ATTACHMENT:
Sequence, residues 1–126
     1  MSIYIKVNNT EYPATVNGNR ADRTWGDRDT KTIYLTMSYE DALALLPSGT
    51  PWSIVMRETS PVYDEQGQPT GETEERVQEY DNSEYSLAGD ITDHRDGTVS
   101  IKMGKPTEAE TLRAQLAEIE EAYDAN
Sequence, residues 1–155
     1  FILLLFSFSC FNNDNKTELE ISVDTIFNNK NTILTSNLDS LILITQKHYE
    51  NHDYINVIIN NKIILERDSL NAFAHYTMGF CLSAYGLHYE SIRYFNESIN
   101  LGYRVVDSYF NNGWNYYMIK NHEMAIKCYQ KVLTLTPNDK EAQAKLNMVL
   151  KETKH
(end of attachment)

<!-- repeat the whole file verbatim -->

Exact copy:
Sequence, residues 1–126
     1  MSIYIKVNNT EYPATVNGNR ADRTWGDRDT KTIYLTMSYE DALALLPSGT
    51  PWSIVMRETS PVYDEQGQPT GETEERVQEY DNSEYSLAGD ITDHRDGTVS
   101  IKMGKPTEAE TLRAQLAEIE EAYDAN
Sequence, residues 1–155
     1  FILLLFSFSC FNNDNKTELE ISVDTIFNNK NTILTSNLDS LILITQKHYE
    51  NHDYINVIIN NKIILERDSL NAFAHYTMGF CLSAYGLHYE SIRYFNESIN
   101  LGYRVVDSYF NNGWNYYMIK NHEMAIKCYQ KVLTLTPNDK EAQAKLNMVL
   151  KETKH